North: Interesting varieties at Cereals

Crops are now where you would expect them to be, despite being behind most of the season. Winter barley is fully flowered and ripening, winter wheat ears are out, spring barley has awns appearing and oilseed rape is at full pod emergence. Oilseed rape is looking really well this season due mainly to good establishment.

As crops start to finish there is still low disease pressure and some growers are questioning validity of a final fungicide but the investment has been made in the crop to this stage and every bit of green leaf needs to be retained as long as possible to maximise yield and quality so I think it will still be worthwhile last year was a low disease pressure year and a full fungicide programme still gave reward.

In winter wheat I see the T3 spray as not only for grain quality protection but also a top up of flag leaf fungicide to maintain green leaf area we will therefore be using a prothioconazole or tebuconazole triazole in conjunction with a strobilurin to finish these crops off as Yellow Rust is still at the back of my mind and hopefully this will allow maximum grain fill.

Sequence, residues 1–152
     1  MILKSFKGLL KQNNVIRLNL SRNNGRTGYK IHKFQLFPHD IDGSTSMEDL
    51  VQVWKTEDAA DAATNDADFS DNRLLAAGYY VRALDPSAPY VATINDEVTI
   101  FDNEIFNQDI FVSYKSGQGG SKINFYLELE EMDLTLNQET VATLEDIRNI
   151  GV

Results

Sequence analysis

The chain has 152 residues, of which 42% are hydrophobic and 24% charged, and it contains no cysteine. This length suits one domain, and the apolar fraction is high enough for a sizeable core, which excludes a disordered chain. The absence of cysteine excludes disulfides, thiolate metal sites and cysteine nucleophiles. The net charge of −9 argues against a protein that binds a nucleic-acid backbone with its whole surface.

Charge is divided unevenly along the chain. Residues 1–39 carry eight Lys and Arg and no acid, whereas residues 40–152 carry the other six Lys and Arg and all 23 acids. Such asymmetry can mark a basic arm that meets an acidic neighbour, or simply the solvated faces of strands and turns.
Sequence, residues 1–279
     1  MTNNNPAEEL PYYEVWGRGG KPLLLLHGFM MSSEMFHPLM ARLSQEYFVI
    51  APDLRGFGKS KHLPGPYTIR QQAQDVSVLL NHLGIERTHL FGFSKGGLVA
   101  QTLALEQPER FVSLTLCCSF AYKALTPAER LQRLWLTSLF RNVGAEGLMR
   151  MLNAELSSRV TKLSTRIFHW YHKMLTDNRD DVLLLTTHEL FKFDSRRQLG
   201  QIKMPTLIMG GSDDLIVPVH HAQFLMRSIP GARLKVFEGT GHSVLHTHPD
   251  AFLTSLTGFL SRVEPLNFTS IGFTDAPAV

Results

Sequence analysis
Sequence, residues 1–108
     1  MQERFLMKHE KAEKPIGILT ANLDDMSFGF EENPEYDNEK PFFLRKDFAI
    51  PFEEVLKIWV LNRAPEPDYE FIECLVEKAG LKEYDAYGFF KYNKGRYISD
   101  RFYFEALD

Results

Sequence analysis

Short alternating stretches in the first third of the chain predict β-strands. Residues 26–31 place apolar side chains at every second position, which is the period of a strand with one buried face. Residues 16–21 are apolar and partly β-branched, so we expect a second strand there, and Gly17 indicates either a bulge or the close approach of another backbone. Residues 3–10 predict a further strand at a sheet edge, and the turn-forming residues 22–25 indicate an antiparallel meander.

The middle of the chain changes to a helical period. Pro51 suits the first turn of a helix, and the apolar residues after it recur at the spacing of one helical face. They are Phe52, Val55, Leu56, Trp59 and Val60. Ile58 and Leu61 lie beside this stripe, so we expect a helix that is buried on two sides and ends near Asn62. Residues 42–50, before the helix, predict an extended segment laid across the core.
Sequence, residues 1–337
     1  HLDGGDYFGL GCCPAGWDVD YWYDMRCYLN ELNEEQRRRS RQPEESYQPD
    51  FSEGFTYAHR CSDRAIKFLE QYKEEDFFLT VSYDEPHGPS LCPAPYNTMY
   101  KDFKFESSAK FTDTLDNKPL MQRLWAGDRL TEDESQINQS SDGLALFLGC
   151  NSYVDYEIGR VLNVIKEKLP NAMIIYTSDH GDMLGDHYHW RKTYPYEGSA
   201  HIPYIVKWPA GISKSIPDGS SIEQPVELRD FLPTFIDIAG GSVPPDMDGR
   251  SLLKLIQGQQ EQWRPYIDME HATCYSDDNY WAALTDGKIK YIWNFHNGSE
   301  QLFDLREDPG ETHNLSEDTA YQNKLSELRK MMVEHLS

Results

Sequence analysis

Spring barley is now at the most critical time for fungicide as awns emerge and it is vital that we get the protection on for ramularia ahead of disease and I really encourage growers to apply this as soon as awns emerge even when they have only recently applied the T1 fungicide as ramularia can be devastating in this crop. This Fungicide will be either prothioconazole/strobilurin based or boscalid/epoxiconazole based as we seen some very good results from this mixture last season in terms of yield and quality. In both cases chlorothalonil will be included as this is vital at this timing.

After attending Cereals last week besides the obvious chat on fertiliser prices we had a good look at varieties and specifically wheat varieties which will suit our area and markets Beluga and Invicta stood out as ticking the boxes and will follow these with interest through harvest. It was also interesting to see the new carboxamide chemistry on offer and it will be interesting to see if this delivers as promised as an agronomist it will be good to have some new actives in the armoury and we must learn from past and use these responsibly to avoid them breaking down quickly. As this is last report before harvest I do hope that weather and markets are in our favour as reward for what has been a difficult season

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